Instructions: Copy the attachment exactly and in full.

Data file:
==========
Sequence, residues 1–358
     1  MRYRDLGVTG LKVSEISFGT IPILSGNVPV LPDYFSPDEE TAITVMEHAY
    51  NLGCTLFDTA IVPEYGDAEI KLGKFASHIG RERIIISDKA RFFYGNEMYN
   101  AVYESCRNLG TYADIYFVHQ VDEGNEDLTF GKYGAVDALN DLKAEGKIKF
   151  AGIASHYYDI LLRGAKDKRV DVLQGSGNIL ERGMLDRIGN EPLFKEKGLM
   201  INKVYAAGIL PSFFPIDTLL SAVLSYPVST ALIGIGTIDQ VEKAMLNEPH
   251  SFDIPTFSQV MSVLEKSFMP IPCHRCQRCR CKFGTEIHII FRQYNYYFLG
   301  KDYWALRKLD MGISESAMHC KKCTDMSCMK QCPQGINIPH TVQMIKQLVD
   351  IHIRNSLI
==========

Sequence, residues 1–358
     1  MRYRDLGVTG LKVSEISFGT IPILSGNVPV LPDYFSPDEE TAITVMEHAY
    51  NLGCTLFDTA IVPEYGDAEI KLGKFASHIG RERIIISDKA RFFYGNEMYN
   101  AVYESCRNLG TYADIYFVHQ VDEGNEDLTF GKYGAVDALN DLKAEGKIKF
   151  AGIASHYYDI LLRGAKDKRV DVLQGSGNIL ERGMLDRIGN EPLFKEKGLM
   201  INKVYAAGIL PSFFPIDTLL SAVLSYPVST ALIGIGTIDQ VEKAMLNEPH
   251  SFDIPTFSQV MSVLEKSFMP IPCHRCQRCR CKFGTEIHII FRQYNYYFLG
   301  KDYWALRKLD MGISESAMHC KKCTDMSCMK QCPQGINIPH TVQMIKQLVD
   351  IHIRNSLI